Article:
Radley Balko and Tucker Carrington
The Washington Post
Originally posted March 21, 2018
Here is an excerpt:
At the trial level, juries hear far too much dubious science, whether it’s an unproven field like bite mark matching or blood splatter analysis, exaggerated claims in a field like hair fiber analysis, or analysts testifying outside their area of expertise. It’s difficult to say how many convictions have involved faulty or suspect forensics, but the FBI estimated in 2015 that its hair fiber analysts had testified in about 3,000 cases — and that’s merely one subspecialty of forensics, and only at the federal level. Extrapolating from the database of DNA exonerations, the Innocence Project estimates that bad forensics contributes to about 45 percent of wrongful convictions.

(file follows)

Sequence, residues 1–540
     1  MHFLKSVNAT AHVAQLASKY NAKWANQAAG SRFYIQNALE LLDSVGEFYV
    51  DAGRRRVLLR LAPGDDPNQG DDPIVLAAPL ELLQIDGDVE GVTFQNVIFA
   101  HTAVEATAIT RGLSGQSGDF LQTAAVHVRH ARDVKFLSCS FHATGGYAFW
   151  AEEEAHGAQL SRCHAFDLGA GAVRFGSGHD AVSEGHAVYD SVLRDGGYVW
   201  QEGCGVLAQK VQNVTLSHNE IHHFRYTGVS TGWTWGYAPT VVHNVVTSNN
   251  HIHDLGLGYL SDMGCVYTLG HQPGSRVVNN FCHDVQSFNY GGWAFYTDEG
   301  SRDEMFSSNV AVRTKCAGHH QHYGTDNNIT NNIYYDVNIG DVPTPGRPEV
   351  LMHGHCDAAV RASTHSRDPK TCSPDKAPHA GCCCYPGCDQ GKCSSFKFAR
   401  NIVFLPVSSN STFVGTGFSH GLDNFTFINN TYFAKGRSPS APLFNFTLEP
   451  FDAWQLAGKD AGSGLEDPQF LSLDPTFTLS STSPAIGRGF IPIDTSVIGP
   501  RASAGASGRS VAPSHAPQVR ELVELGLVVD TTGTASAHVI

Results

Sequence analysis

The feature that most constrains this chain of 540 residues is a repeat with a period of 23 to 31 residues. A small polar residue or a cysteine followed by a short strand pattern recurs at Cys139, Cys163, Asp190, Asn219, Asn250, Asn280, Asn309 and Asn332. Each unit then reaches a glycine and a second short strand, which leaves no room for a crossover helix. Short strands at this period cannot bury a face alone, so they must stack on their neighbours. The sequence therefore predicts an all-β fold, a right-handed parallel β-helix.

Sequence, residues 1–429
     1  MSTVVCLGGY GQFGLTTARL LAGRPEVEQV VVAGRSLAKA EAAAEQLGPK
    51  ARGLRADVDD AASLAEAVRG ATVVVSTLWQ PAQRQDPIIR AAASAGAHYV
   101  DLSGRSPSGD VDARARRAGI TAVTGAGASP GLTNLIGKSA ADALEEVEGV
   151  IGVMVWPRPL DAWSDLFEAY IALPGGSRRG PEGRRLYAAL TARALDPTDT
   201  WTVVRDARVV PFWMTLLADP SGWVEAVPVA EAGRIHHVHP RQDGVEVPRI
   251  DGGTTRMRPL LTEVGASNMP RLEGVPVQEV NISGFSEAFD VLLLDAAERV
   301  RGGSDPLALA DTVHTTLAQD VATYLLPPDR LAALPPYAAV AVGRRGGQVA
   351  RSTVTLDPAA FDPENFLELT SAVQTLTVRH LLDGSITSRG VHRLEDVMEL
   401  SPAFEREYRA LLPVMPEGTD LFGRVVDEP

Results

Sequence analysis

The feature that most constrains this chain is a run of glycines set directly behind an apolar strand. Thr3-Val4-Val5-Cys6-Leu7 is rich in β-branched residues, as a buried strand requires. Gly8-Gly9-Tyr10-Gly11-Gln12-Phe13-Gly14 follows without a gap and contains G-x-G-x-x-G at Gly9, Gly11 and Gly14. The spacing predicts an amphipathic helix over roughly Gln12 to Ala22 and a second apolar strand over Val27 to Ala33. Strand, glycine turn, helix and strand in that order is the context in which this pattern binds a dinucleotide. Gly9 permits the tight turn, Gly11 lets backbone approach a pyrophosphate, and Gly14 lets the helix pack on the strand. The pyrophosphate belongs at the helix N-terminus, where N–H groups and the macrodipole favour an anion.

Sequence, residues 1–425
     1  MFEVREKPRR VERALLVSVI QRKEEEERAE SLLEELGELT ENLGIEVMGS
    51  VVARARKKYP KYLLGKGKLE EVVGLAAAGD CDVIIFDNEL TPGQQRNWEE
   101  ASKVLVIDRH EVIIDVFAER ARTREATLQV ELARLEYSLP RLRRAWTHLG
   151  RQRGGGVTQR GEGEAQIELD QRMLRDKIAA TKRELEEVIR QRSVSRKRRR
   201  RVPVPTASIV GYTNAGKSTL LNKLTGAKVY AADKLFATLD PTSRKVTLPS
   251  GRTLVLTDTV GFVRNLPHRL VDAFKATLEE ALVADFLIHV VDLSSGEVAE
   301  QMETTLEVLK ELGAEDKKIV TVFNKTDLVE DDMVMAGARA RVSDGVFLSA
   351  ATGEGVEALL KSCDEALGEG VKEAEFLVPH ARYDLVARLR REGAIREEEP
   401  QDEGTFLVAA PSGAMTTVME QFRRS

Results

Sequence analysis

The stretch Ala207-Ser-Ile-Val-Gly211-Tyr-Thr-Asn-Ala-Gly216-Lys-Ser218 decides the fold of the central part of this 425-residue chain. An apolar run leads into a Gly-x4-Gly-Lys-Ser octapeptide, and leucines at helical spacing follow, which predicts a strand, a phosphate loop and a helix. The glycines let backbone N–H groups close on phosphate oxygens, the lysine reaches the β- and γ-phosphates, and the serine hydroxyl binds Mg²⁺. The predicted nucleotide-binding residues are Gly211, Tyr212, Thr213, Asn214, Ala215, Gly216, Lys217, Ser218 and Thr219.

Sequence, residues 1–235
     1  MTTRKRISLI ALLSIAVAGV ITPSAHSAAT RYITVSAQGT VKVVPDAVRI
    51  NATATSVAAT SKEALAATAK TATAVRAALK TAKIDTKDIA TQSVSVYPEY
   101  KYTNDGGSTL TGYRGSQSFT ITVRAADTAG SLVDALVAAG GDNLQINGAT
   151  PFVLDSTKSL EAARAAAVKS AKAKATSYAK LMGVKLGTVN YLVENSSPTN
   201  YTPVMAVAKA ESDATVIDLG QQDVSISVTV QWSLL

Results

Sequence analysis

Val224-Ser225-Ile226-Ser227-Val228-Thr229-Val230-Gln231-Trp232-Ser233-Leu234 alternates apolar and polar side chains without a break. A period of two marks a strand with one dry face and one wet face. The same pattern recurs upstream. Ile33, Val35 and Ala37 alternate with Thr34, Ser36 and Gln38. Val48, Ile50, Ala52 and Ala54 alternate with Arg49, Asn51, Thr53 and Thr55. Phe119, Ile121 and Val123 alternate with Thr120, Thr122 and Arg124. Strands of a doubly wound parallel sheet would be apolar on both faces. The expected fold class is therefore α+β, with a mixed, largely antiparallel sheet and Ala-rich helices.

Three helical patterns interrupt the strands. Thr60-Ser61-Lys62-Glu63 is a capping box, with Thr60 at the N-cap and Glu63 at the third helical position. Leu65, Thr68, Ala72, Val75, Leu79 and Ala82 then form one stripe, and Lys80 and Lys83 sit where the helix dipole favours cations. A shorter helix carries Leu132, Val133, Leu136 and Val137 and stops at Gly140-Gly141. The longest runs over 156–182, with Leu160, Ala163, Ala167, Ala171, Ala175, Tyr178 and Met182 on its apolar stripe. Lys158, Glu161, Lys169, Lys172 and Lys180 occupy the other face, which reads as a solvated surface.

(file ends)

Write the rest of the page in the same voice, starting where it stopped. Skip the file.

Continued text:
But flawed evidence presented at trial is only part of the problem. Even once a field of forensics or a particular expert has been discredited, the courts have made it extremely difficult for those convicted by bad science to get a new trial.
The Supreme Court makes judges responsible for determining what is good science. They already decide what evidence is allowed at trial, so asking them to do the same for expert testimony may seem intuitive. But judges are trained to do legal analyses, not scientific ones. They generally deal with challenges to expert testimony by looking at what other judges have said. If a previous court has allowed a field of forensic evidence, subsequent courts will, too.
The article is here.
Note: These issues also apply to psychologists in the courtroom.